For four years on Mercer Island, Stanley Ann Dunham impressed her high-school classmates with a wickedly sharp wit. She was an "intellectual rebel" with a fledgling beatnik sensibility that would eventually take her around the globe.
But shortly after high-school graduation in 1960 she vanished from the Seattle area, and would have been little more than a foggy memory to most — if not for a son she had just a year later: Barack Obama.
Now that Obama's unique personal history has become part of his rising political profile, his mother's formative years in the Pacific Northwest are a little-noticed chapter. Even Obama glosses over the chapter in a single line in his best-selling biography.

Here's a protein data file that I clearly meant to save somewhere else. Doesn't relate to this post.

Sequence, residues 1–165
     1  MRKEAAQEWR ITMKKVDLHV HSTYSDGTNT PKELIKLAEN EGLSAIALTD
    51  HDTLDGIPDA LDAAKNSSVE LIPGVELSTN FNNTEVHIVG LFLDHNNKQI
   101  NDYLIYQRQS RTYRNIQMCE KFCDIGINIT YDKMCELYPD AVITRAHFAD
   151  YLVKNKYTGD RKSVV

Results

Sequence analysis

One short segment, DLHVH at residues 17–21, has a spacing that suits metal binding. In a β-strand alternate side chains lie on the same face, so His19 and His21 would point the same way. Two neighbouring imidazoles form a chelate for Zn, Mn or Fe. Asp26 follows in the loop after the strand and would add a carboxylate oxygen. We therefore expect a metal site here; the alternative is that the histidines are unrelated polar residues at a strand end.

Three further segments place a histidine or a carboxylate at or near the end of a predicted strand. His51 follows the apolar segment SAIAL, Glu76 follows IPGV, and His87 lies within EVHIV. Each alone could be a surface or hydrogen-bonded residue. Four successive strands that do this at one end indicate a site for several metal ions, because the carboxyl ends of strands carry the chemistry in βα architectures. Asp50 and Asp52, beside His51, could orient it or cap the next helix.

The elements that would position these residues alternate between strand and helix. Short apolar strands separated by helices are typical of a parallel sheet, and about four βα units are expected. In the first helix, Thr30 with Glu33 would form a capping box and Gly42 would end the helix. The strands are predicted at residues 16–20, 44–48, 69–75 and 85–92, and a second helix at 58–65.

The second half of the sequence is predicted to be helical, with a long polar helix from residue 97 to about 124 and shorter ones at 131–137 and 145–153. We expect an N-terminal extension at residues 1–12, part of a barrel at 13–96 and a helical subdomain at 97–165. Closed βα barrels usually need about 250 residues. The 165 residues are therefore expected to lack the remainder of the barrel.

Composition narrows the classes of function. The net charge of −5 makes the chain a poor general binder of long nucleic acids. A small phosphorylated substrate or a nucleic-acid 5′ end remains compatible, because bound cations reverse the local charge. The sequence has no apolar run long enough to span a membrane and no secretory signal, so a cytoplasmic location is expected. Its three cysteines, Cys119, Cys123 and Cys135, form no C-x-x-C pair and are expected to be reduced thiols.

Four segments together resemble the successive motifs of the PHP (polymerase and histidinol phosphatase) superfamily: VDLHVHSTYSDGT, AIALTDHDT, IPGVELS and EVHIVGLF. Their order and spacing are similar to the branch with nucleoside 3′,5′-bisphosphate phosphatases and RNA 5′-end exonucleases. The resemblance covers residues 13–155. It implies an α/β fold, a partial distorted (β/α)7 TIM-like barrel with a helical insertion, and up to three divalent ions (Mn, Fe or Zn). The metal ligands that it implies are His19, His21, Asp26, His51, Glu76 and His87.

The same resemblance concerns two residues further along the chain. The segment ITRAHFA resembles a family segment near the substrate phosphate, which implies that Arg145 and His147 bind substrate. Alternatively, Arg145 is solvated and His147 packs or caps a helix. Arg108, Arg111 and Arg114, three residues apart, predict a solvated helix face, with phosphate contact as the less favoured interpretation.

Dunham, who died of ovarian cancer in 1995, is described as the "most dominant figure" in Obama's life. Obama's half-sister says Dunham remembered her teen years on Mercer Island so fondly that she wanted to attend college in Seattle. Instead, her parents took her after high school to Hawaii, where Obama was born.
"Her life showed a deep respect for intellectual rigor and perhaps an uncommon sense of learning," said Obama's half-sister, Maya Soetoro-Ng, who lives in Hawaii.
Now that Obama is leading the fight to become the Democratic nominee for president, Dunham's classmates are remembering her again. In the Eisenhower era of poodle skirts and Ozzie and Harriet, she preferred jazz, refused to baby-sit and viewed education — not marriage — as the key to her future.
Few of them saw Dunham after she left for Hawaii. But they still see much of her in her famous son: her eyes, her chin, her broad-minded globalism, her intellectual rigor.
"You see her in his expressions, how he handles adulation," said Marylyn Prosser of Ketchum, Idaho, a former classmate.
"I get a sense he is grounded, and that reminds me of his mother."
Growing up on the island